Atlanta Area Alpaca Events Review
This fall was ripe with opportunities to visit with one of our pastimes cutest fiber animals: the alpaca!In mid September there was the Alpaca Fiber Festival in lovely Callaway gardens, at the end of September there was Alpaca Farm days at Thunder River Alpacas. In Early October Thunder River Alpacas hosted a herd health day, and lastly, Georgia’s Royal Alpaca challenge was held over the first weekend of November. The Southeastern Animal Fiber Festival also occurred this fall, but was not alpaca exclusive.
For the uninitiated: Alpacas are members of the camelid family that originated in South America. They have been growing in popularity as a livestock investment opportunity in the United States and as a result their fiber is becoming much better known in the states. There are two types, the hucaya and the suri. The main difference between the two is the fiber produced by the animals. Hucayas have lofty fiber with body and crimp, and often look like fluffy teddy bears, while suris have lustrous smooth fiber that tends to drape in locks over their bodies.
The Alpaca Fiber Festival was hosted at Callaway Gardens September 14-16th, and while there were no live alpacas to be seen, they were still the focus of the event. Classes were offered on fiber preparation and production, including carding and spinning, knitting, weaving, felting and crochet. There was a vendor room with a number of different shops/vendors offering a wide array of alpaca fiber craft related goodies. Most, if not all the classes and meetings were held in the Mountain Creek Conference Center, and attendees could stay at the adjoining inn or in one of Callaway’s cottages. The event promises to be a good option for those who might not be able to trek all the way out to the Southeastern Animal Fiber Festival in NC, or those who prefer a festival that is more like a conference than an agricultural expo.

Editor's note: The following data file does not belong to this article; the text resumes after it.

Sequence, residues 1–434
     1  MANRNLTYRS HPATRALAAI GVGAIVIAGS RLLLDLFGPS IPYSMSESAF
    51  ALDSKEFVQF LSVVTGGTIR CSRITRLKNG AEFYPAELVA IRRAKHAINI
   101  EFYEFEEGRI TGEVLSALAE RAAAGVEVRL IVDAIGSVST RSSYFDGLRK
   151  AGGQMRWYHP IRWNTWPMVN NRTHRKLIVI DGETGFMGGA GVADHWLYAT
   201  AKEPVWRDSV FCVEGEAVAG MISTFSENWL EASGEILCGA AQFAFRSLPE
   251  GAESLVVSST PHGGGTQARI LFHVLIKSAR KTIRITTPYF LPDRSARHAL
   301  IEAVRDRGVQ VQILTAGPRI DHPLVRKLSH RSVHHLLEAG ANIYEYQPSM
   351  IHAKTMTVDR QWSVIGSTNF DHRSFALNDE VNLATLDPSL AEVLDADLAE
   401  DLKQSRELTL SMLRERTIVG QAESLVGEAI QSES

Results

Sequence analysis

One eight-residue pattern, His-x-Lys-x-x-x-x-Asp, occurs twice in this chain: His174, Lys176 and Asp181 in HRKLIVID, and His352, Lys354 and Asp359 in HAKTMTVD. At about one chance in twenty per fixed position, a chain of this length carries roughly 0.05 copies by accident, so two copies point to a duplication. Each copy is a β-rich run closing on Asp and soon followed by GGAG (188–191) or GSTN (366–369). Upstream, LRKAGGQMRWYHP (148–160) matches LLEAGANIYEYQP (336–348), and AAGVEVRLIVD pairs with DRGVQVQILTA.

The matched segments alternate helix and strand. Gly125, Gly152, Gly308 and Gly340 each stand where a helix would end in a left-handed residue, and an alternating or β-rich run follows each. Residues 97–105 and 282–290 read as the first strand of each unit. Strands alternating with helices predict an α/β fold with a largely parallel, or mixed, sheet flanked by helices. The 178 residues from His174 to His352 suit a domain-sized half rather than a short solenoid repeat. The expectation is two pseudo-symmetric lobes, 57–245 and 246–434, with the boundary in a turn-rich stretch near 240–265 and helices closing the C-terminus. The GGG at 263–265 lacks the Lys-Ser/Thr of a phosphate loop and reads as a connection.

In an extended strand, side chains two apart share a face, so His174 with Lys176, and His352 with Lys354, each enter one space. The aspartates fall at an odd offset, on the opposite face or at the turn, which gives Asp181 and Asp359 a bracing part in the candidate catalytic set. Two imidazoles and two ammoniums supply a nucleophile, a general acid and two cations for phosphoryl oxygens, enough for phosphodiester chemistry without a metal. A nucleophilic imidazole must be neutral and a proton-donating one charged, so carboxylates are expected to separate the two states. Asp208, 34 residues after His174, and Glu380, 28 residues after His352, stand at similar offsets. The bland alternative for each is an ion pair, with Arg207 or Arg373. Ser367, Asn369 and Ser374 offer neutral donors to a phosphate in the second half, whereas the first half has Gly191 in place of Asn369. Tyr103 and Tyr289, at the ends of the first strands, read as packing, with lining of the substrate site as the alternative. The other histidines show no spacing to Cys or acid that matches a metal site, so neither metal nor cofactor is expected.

Thunder River Alpacas opened their farm to the public on September 29th and offered crafting demos and farm tours. It was a well-attended event, with a fairly constant crowd of people flocking down to the barn to view the alpacas, even in the drizzling rain. Thunder River had just welcomed a new cria (baby alpaca) to the farm less than a week prior to the Farm Days weekend, and he was a tiny crowd pleaser. Dennis and Rose, the farm owners, were available to answer any questions and were excellent hosts. Up at the farmhouse, there were knitters and both types of spinners using alpaca fiber.
The farm store was open and had a number of exquisite alpaca fiber products, from raw and processed fiber to full garments. They also had an impressive amount of entertaining alpaca t-shirts available.
Thunder River also hosted a Herd Health Day on October 20th for those who didn’t get enough alpaca action during farm days. This event gave participants the chance to get hands on with the animals and assist Dennis and Rose in catching, weighing, and checking the overall health of the animals along with assisting with pedicures!